Naruto: Is Indra taken from Hindu Mythology? Origin explained

Naruto and the element of myths in the story (Image via Studio Pierrot).
Naruto and the element of myths in the story (Image via Studio Pierrot).

Naruto is a series with a lot of different concepts and ideas, and one that has generated much controversy has been the inclusion of the Otsutsuki. They are a species that hails from the moon and influenced the events of the shinobi world, with Kaguya being the final antagonist of the original series. This also added the element of reincarnation during the endgame part of the story.

In regards to the last part, it has been stated that Uchiha members like Sasuke and Madara are reincarnations of Indra, one of the Otsutsuki. Meanwhile, Hashirama Senju - the first Hokage - and Naruto Uzumaki, the protagonist of the series, are reincarnations of Asura, Indra’s younger brother.

This has led to a lot of fans wondering whether Indra has been inspired by Hindu mythology, which is going to be explained here.

Disclaimer: This article contains spoilers for the Naruto series.

Indra and his role in the world of Naruto

Indra is the son of Hagoromo Ōtsutsuki, also known as the Sage of the Six Paths, who is the creator of shinobi, as people in the Naruto world know it. However, once it was time for his father to hand over the position, he chose Asura, Indra’s younger brother, which caused a divide between the two young men - one that would go on for centuries.

The gist of it is that Indra and Asura would be fighting even after their respective deaths, reincarnated time and time again to be as close as brothers, but ultimately fighting one another. This is shown by reincarnating first into Madara Uchiha and Hashirama Senju, the leaders of the founding clans of the Leaf Village, and later on as Sasuke Uchiha and Naruto Uzumaki.

Therefore, this is a very spiritual concept that author Masashi Kishimoto threw in the eleventh hour of the series, which to a lot of fans caused problems with the structure of the story and the message it was trying to convey. However, what inspired Kishimoto to come up with Indra and Asura’s story and relationship? Well, as is usually the case with this author, it harkens back to mythology.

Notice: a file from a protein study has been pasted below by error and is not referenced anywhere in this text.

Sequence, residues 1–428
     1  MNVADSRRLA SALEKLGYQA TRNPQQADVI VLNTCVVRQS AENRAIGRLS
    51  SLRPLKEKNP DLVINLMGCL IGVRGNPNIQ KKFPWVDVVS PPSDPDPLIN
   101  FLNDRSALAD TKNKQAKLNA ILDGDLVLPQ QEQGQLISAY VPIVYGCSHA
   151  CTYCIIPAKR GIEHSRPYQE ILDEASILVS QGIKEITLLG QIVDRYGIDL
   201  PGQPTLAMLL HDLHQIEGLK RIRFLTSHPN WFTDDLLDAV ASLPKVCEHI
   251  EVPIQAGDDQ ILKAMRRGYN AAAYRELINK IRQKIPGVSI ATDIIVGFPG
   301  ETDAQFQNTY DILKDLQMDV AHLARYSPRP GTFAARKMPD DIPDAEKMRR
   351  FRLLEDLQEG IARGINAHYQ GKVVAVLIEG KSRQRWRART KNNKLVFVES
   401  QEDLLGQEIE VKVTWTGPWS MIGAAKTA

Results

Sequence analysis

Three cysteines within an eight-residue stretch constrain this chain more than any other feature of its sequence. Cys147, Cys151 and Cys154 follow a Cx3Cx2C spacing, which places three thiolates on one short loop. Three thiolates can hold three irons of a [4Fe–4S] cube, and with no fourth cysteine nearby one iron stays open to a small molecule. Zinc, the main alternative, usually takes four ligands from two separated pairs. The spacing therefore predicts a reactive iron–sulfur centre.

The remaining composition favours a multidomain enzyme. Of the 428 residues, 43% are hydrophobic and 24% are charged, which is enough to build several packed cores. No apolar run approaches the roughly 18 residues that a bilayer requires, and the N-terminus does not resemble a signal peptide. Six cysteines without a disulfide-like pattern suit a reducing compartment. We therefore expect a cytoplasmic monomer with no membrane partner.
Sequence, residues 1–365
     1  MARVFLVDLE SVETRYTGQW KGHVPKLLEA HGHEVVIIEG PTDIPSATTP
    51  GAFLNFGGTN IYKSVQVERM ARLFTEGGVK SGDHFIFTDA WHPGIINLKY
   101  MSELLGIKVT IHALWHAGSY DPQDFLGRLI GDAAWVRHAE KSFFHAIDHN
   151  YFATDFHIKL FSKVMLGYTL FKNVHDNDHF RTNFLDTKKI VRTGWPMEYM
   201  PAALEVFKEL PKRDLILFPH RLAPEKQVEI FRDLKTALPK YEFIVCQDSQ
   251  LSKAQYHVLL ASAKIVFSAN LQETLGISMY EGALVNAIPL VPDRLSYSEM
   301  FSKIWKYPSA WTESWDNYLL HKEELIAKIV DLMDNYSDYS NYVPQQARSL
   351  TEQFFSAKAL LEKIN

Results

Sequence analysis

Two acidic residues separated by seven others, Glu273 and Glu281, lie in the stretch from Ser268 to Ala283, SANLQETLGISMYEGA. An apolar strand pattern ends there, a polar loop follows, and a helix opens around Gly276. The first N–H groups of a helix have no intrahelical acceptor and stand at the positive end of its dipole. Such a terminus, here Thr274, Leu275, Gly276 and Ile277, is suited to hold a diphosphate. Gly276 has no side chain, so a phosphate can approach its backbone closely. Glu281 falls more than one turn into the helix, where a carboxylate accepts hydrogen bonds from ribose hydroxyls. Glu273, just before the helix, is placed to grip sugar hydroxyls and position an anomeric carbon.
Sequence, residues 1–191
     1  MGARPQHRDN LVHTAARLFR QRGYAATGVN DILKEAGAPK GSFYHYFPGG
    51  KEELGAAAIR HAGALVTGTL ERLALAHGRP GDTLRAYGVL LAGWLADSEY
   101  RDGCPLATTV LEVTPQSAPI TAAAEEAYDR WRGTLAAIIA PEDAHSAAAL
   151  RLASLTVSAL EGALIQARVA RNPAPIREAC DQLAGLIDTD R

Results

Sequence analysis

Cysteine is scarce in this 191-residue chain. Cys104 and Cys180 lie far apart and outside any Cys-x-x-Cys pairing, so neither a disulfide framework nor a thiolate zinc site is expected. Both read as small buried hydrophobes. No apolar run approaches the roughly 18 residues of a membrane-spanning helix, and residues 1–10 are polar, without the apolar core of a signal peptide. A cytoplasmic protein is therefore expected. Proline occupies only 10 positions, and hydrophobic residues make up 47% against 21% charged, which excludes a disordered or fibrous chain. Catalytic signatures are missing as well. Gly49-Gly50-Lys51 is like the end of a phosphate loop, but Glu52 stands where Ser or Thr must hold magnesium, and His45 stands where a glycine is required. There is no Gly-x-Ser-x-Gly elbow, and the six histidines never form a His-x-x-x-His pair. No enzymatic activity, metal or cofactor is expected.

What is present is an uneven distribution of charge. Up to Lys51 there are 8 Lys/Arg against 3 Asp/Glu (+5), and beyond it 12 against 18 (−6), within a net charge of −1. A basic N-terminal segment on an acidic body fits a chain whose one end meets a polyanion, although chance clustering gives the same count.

Hindu mythology in Naruto

Reincarnation in Naruto (Image via Studio Pierrot).
Reincarnation in Naruto (Image via Studio Pierrot).

One of the first and more notorious examples of Hindu mythology being connected to Indra is the name: Indra literally means “King of Gods” in Sanskrit, which is the language of Hinduism. This name could refer to the character’s obsession with his father’s role in the world and wanting to hold that position, which is of course one of the main plot points that he has, and the main reason for his conflict with Asura.

In Buddhist religions, it is also stated that the Gods are led by Indra and he moves forward to battle against the Asura - as both factions are in constant war. This obviously works with the constant battles between the Uchiha and the Senju over the years in Naruto, although it has to be said that Kishimoto reversed the roles for his story.

It is also worth pointing out that Indra is often associated with thunder, lightning, and storm, which are all connected to Sasuke Uchiha and the many different types of abilities that he uses, such as the Chidori or the Kirin, thus making another connection with the series. This has been a common trope of Kishimoto as he constantly takes inspiration from myths and history to come up with concepts and characters.

Final thoughts

Indra, Madara, Asura, and Hashirama (Image via Studio Pierrot).
Indra, Madara, Asura, and Hashirama (Image via Studio Pierrot).

The concept of the Otsutsuki was a very controversial decision by Kishimoto, which is still debated even to this very day. However, regardless of what people think of this inclusion, the characters of Indra and Asura are another example of where the author tends to take inspiration from and how that has molded his series into something very rich and unique, constantly becoming greater and bigger in the process.